July 13, 2001
Department of Energy Should Extend Deadline for
Comments on Radioactive Metals Recycling
Comment Period on Scope of Programmatic Environmental
Impact Statement Is Too Short
WASHINGTON, D.C. – Public Citizen has requested that the U.S. Department of Energy (DOE) extend its deadline to receive comments on a proposal that is critical in establishing how radioactively contaminated scrap metals will be disposed of. The current deadline for comments is Sept. 10, which allows the public only two months to examine what are highly complex issues.
The DOE on Thursday published a Notice of Intent for a document called a Programmatic Environmental Impact Statement (PEIS), which is designed to examine alternatives for disposing of the contaminated materials. The notice lists various policy alternatives, all of which allow for the disposal of radioactively contaminated metals in unlicensed sanitary landfills, where they would be treated as “non-radioactive.”
The PEIS also could permit the “unrestricted release of scrap metals from DOE radiological areas and scrap metals outside radiological areas that may have residual surface radioactivity.” This would allow the metals to be recycled, where they could end up in any number of consumer and industrial products. It is highly unlikely that any such materials would be tracked or labeled, so consumers would be denied the opportunity to make informed choices and avoid any radiation hazards.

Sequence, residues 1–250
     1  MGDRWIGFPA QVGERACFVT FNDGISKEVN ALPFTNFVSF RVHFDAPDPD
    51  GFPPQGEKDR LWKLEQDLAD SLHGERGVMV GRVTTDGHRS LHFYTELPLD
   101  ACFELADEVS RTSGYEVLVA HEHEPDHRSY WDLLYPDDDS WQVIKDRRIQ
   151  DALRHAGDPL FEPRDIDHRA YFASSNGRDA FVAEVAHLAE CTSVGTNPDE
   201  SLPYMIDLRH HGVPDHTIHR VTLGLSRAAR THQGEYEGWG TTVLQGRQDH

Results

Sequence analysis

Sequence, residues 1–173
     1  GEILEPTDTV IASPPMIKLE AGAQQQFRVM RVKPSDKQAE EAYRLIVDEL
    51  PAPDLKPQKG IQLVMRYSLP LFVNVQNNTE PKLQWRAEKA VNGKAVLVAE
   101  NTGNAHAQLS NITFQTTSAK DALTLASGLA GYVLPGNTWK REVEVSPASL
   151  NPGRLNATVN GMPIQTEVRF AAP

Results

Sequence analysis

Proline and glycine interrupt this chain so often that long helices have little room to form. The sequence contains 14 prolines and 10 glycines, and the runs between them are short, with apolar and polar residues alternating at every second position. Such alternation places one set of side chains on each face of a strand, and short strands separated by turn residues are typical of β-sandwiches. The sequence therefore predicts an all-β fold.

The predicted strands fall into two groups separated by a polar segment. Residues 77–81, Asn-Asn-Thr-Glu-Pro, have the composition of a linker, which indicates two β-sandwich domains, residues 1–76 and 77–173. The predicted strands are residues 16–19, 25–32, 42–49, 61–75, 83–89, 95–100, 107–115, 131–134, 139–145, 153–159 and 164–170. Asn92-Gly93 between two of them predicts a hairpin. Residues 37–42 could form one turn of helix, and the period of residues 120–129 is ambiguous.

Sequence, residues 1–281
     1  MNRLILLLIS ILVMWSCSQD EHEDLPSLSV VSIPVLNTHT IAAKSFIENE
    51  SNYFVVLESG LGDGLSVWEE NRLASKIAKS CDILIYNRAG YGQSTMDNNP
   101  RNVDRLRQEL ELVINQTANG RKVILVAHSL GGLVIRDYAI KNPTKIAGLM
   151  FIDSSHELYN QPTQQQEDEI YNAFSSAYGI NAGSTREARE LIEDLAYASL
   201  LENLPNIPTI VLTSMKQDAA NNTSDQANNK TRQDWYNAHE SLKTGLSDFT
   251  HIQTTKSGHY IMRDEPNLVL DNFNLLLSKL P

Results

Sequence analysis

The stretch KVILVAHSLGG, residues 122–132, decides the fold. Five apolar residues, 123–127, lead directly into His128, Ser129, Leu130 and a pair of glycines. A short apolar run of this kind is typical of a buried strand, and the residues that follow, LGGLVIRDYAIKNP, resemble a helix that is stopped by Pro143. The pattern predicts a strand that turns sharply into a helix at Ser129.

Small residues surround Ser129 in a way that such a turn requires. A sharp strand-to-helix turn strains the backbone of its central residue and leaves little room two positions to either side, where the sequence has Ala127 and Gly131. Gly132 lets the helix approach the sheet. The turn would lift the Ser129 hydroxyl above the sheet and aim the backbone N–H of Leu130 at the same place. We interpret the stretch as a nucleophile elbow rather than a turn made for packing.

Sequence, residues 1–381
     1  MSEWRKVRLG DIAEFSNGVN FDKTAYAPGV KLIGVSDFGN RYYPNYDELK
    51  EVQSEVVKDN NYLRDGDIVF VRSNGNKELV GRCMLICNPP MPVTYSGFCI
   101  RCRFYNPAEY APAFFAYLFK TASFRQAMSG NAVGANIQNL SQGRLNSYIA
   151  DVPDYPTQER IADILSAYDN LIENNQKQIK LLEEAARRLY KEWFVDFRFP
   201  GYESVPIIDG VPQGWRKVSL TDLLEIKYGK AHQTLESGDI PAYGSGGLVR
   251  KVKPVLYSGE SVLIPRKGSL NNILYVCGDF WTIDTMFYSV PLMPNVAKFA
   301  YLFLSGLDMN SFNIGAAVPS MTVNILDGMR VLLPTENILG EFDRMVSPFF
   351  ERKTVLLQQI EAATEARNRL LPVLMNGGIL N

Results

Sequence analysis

“All of these possible outcomes sound frighteningly similar to previous policies of the NRC, which attempted to assist the nuclear industry by eliminating some types of nuclear waste from regulatory control,” said Wenonah Hauter, director of Public Citizen’s Critical Mass Energy and Environment Program. “Although Congress wisely revoked those policies in 1992, it looks as though DOE is attempting to revive them by tinkering with the language and attaching various euphemisms to what is really the recycling of nuclear waste.”
The Notice of Intent also announced that six public meetings are to be held around the country beginning at the end of July. This provides less than three weeks for concerned citizens who plan to participate to study the relevant issues and prepare accordingly.
“Considering the enormous impact such a policy could have, public participation must be taken seriously, and processes must be conducted with integrity, ” Hauter wrote in a letter to Carolyn Huntoon, assistant secretary of the Department’s Office of Environmental Management. “Unless corrected, the unacceptably short comment period will further erode public confidence in the department’s handling of the dangerous materials of our nation’s nuclear legacy.”
The DOE was instructed in January by then-Secretary Bill Richardson to publish the Notice of Intent by March 20. However, by publishing it this week, the department in effect extended its own deadline by 114 days.
“If the agency can extend the deadline for itself, we certainly hope it will extend the same benefit to the public,” said Dave Ritter, policy analyst for Public Citizen’s Critical Mass Energy and Environment Program. “The agency has all the resources, while the public does not. Further, people?s summer schedules are irregular. And once the scope of this document is set, there?s no going back. It?s critical to get it right now, and the public should have at least until December to do that.”